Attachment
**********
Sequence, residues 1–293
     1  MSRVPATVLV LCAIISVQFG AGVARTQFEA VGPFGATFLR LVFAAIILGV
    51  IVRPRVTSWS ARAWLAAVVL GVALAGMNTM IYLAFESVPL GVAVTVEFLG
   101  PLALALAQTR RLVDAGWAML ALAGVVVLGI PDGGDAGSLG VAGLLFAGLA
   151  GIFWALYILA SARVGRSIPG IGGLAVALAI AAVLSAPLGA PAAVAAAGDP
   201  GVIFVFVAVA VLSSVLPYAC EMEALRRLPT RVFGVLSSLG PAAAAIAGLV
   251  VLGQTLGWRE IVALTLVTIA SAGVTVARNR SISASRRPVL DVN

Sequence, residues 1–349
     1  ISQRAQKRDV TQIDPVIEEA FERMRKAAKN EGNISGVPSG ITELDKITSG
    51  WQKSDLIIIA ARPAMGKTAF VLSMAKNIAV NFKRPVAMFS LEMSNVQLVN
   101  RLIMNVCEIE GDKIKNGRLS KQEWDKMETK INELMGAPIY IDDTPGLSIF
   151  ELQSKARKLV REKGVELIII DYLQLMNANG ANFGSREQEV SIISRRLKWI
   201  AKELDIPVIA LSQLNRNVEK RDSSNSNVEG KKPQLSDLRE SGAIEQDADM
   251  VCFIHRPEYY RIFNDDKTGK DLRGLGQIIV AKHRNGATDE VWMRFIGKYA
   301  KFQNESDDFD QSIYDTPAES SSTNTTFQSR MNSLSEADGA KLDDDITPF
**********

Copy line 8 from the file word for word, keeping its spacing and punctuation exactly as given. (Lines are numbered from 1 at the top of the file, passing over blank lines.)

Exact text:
Sequence, residues 1–349